The isolation of compounds 1–5 (compound 1, 3-O-β-D-glucopyranosyl 3α, 11α-dihydroxylup-20(29)-en-28-oic acid; compound 2, acantrifoside A; compound 3, acankoreoside D; compound 4, acankoreoside B; and compound 5, acankoreoside A) was performed as described previously (27). Briefly, the dried leaves of AGS (1,000 g) were extracted three times using hot methanol (3×10 l). The combined methanol extract was evaporated under reduced pressure to obtain a residue (140 g), which was dissolved in water and successively partitioned with petroleum ether, ethyl acetate and n-butyl alcohol, resulting in petroleum ether (6 g), ethyl acetate (42 g) and n-butyl alcohol (58 g) layers. The ethyl acetate fraction (4.0 g) underwent chromatography on a silica gel column (Φ 25×100 mm) using chloroform-methanol (10:1, v/v) to obtain three fractions (E1-E3). E2 was recrystallized to generate compound 1 (65 mg). In addition, 2.0 g n-butyl alcohol fraction underwent chromatography on an minimum dead space (a reversed-phase chromatography material manufactured by Beijing Medicine Technology Center, Beijing, China) column (Φ 30×150 mm) using V (MeOH):V (H2O)=5:5 to obtain five fractions (B1-B5). B1 and B4 were recrystallized to obtain compounds 2 (315 mg) and 5 (440 mg), respectively. B2 and B3 underwent chromatography on a silica gel, eluted with chloroform-methanol-water (7:3:0.3, v/v), and were recrystallized to obtain compounds 3 (35 mg) and 4 (30 mg), respectively. The structures of compounds 1–5 were identified by analyzing the signals of spectral data [mass spectrometry, 1H- and 13C-nuclear magnetic resonance, and their values were reported in the authors' previous study (27)] and are presented in Fig. 1. The compounds used in this study were checked by HPLC and were >98% pure.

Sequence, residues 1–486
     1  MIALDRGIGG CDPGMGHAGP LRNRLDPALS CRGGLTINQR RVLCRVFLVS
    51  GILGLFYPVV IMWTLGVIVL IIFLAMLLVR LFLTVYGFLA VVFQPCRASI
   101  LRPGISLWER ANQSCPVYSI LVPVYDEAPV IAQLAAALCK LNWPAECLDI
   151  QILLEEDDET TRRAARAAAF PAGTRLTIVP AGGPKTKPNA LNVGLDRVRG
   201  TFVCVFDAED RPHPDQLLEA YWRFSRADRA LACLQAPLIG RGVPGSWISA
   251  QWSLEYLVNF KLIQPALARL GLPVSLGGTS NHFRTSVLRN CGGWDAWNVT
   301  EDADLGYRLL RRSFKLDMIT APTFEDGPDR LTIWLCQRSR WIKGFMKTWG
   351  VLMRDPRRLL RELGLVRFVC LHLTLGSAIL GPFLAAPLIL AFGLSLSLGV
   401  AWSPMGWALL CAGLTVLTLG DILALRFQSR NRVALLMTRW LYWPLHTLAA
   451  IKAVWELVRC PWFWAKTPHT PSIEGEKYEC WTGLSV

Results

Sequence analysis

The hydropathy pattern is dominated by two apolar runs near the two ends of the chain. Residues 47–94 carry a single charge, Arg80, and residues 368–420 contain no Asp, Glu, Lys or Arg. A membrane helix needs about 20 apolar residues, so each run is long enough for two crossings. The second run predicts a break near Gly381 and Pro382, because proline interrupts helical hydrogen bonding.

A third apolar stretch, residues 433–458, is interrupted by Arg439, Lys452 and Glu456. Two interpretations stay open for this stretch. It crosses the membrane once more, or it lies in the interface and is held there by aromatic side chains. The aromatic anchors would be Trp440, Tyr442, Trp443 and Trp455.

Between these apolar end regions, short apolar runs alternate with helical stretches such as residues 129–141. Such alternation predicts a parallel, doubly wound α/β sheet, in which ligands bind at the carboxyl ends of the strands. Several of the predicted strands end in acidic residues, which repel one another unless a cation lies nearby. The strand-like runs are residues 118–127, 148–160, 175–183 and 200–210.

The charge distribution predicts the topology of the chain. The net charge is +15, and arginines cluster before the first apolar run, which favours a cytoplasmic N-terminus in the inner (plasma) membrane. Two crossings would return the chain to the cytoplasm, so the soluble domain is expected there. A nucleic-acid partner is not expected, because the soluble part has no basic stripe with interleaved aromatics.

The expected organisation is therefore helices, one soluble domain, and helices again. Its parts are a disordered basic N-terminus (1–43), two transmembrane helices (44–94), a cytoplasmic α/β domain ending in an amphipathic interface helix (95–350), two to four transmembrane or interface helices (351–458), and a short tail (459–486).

Cell culture and stimulation